The quickest wit is brandished by Dobbs, who’s been everywhere and seen everything, and had anything but an easy life. His interactions with young Cal, in particular, crackle with smart-alecky fun. Dobbs tells Cal it’s high time he lost his virginity, was “made a man,” and Cal objects:
“How do you know I’m not a man already? There’s lots of girls in Port Newton. How do you know I haven’t become a man with one of them?”
“Don’t make me laugh, kid.”
Dobbs develops a sore pitching elbow, and implores Cal to keep it a secret:
“Don’t tell Doc. And whatever you do, don’t tell that sweetheart of yours.”
“I don’t have a sweetheart.”
“Well, don’t tell her, anyway.”
And here’s how Cal describes Dobbs’s needling of Foghorn Murphy:
The Chief was supposed to be a bartender, just like me, but he hardly ever did any real work. Bringing in business was his job. Mostly he just glad-handed the customers and acted friendly. Sometimes he’d be dealer when the boys played cards but mostly he’d just lean on the bar, drink beer and be, well, the Chief.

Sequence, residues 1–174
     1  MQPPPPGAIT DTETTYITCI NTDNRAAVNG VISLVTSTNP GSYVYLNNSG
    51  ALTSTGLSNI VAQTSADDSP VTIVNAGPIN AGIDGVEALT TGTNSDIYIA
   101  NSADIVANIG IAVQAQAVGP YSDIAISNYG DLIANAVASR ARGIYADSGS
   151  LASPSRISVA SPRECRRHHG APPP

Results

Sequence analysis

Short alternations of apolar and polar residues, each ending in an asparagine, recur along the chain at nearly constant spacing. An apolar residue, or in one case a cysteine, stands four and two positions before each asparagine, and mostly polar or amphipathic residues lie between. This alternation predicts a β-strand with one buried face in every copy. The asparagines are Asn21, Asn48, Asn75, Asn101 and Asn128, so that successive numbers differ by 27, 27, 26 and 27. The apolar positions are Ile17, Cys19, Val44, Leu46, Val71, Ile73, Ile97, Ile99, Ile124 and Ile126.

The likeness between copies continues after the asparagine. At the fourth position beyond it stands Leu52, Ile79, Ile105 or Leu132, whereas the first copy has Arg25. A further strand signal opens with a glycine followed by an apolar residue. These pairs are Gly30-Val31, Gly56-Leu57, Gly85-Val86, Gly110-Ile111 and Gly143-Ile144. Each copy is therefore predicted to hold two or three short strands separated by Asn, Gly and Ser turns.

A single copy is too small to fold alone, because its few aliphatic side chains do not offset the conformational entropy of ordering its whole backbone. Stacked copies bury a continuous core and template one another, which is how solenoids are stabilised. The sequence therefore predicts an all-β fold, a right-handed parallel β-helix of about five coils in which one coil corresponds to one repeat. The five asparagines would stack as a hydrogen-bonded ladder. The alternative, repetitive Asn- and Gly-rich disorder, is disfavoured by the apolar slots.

“Dutchmen make the best ballplayers,” he’d say, and Foghorn would fall for it.
“In my book it’s the Irish,” Foghorn would reply, him being Irish and all.
“One thing for sure about the Micks,” the Chief would say, “the unsportsmanlike play is on them. Mobbing the umpires, starting fights, all that.”
Foghorn would fall for that one, too. “That’s prejudice, pure and simple.” Then the Chief would dig him again.
“I’m not saying the Micks are naturally violent, but it can’t be denied that they’re natural drunks.”
“And I don’t suppose that the redskins ever touch a drop.”
Alongside warm and funny moments, sad and ugly events unfold, as the plot strides rapidly toward its noisy climax. Here the voice of Sophie describes the action: